The union organizing wave that’s hit Amazon, Starbucks and Trader Joe’s got here to a recent workplace this week: the US Congress.
Staff members within the office of Rep. Andy Levin (D-Mich.) voted unanimously to affix the brand new Congressional Staff Union, the group announced Monday. Levin’s staff is the primary on Capitol Hill to achieve union representation, following a vote by House Democrats to increase recent labor rights inside the legislative branch.
The union says staffers of Democratic Reps. Ro Khanna (Calif.) and Ilhan Omar (Minn.) will vote in additional elections later this week.
The union said in an announcement that it’s “ecstatic” concerning the landslide win in Levin’s office, and that it looks forward to bargaining a contract there.
“The employees clearly and emphatically expressed their desire to bargain collectively and have a seat on the table to find out workplace conditions and advantages,” the group said.
The staff of Rep. Andy Levin (D-Mich.) was the primary to unionize.
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Congressional offices were traditionally carved out of collective bargaining laws, but Democrats, led by Levin himself, passed a resolution in May clearing the way in which for them to form unions. Due to the way in which Congress is ready up, the employees must unionize office by office, fairly than as one large bargaining unit, meaning some will likely go for representation and others won’t.
The Congressional Staff Union has said that forming unions could be one of the best technique to push for higher pay and safety standards for many who work for lawmakers on the Capitol. Staffers say that many salaries are exploitatively low ― House Speaker Nancy Pelosi (D-Calif.) announced a recent salary floor of $45,000 in May ― and that staffers are subjected to discrimination and harassment.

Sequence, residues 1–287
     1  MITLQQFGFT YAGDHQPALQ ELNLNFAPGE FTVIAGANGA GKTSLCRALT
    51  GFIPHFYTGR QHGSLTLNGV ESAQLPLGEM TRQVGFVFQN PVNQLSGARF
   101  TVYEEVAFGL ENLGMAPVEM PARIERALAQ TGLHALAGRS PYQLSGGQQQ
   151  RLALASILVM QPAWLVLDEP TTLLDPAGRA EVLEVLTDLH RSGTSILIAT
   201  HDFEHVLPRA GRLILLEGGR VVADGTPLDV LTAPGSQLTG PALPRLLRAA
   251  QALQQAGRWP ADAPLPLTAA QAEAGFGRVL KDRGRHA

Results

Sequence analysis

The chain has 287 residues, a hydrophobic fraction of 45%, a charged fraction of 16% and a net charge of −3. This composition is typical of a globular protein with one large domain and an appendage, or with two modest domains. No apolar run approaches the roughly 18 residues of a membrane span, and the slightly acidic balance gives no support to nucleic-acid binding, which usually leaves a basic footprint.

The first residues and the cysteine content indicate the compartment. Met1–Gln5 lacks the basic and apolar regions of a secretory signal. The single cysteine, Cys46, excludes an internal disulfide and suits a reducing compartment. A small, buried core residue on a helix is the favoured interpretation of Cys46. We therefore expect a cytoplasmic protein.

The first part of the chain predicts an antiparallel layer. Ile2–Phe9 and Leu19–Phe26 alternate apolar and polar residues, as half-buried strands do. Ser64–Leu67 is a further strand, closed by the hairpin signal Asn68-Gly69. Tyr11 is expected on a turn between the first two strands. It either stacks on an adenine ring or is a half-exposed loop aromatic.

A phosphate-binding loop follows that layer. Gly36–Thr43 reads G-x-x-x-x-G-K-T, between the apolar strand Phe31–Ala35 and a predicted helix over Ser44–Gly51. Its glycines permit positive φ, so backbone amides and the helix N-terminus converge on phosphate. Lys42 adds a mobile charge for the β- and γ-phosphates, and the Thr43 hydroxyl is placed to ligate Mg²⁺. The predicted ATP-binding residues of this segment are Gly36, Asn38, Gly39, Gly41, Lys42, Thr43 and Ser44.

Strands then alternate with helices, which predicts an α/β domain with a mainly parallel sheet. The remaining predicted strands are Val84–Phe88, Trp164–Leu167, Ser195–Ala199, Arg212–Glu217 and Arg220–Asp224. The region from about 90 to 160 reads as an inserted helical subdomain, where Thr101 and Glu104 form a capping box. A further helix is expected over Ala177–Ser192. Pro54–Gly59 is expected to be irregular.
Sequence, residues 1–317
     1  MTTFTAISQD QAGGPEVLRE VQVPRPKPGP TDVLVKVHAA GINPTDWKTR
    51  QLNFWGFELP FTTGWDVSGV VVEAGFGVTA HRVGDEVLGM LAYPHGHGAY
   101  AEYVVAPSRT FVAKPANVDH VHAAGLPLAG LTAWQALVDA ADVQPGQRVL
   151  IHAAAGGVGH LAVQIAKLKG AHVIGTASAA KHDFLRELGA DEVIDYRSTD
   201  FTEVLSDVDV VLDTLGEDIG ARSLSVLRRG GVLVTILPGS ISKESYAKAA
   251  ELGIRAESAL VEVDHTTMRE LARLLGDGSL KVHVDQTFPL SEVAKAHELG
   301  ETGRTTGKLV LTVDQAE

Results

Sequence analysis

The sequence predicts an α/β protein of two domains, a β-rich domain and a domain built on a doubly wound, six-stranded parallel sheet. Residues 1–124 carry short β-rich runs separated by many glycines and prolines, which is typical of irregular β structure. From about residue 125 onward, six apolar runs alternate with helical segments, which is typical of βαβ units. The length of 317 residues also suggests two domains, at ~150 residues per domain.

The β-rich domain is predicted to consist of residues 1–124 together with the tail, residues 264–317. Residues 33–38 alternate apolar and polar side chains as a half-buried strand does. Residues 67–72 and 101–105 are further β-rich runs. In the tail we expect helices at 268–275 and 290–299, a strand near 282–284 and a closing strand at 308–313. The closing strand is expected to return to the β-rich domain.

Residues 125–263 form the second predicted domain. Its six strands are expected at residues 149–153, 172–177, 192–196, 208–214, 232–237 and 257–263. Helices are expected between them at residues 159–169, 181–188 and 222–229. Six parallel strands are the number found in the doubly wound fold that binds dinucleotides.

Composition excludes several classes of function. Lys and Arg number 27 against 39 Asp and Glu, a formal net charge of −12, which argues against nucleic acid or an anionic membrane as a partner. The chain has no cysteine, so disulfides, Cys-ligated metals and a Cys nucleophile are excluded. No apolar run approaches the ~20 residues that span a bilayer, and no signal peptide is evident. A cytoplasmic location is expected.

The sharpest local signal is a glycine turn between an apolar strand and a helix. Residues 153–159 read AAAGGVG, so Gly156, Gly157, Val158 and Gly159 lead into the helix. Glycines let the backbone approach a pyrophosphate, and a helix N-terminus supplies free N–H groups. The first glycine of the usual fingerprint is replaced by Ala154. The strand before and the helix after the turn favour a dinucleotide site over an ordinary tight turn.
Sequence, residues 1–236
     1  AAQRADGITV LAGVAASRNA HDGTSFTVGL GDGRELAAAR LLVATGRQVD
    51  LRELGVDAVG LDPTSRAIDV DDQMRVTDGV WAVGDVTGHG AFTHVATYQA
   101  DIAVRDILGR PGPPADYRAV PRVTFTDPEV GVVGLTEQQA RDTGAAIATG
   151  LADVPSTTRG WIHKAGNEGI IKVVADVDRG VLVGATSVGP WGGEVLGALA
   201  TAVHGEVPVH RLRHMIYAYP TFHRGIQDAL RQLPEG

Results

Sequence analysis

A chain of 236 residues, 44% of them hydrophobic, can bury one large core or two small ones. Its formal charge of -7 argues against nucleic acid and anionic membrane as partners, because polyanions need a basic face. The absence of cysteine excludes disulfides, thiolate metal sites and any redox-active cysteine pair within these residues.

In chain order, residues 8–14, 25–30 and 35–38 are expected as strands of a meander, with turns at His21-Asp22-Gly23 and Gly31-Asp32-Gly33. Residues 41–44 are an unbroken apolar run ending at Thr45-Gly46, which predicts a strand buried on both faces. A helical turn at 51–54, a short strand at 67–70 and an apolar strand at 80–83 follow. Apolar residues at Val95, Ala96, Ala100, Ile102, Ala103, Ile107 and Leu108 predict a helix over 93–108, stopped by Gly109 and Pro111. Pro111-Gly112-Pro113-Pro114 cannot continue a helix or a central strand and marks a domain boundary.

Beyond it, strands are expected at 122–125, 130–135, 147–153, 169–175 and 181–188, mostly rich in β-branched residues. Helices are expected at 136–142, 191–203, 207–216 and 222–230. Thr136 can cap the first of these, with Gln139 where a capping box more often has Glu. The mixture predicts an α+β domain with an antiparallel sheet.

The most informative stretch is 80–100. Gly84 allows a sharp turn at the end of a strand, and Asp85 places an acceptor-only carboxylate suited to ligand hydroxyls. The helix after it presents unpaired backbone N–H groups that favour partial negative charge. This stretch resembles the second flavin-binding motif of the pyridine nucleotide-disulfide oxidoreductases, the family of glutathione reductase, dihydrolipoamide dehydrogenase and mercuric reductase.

As a member of the Congressional Staff Union organizing committee told HuffPost earlier this 12 months: “There’s a culture of secrecy, and you will have to pay your dues to make your way up the ladder. That’s really what allows these workplace abuses to fester.” Being without union rights left staff “in a spot where we are able to’t fully address these concerns.”
Although some members may not like the concept of getting to bargain with their staff, Democratic lawmakers couldn’t have withheld collective bargaining rights from their employees without being called hypocrites. Democrats by and enormous are supportive of unions, and lots of have cheered on the organizing successes this 12 months at big-name employers like Starbucks.
The House measure passed on a party-line vote over the opposition of Republicans. The Senate would want to pass its own, separate resolution with a view to open the door to members’ staffers forming unions.
The fiercely pro-labor Levin comes from a union background, having worked as an organizer with the Service Employees International Union and the AFL-CIO union federation before coming to Congress. He said passing the resolution on collective bargaining in Congress was a “major highlight” of his profession.
Any union contract Levin’s staff can secure could be short-lived: The progressive lost a bruising primary in August to fellow Democratic Rep. Haley Stevens, after the 2 members were redistricted right into a contest with each other. Levin’s term ends in January.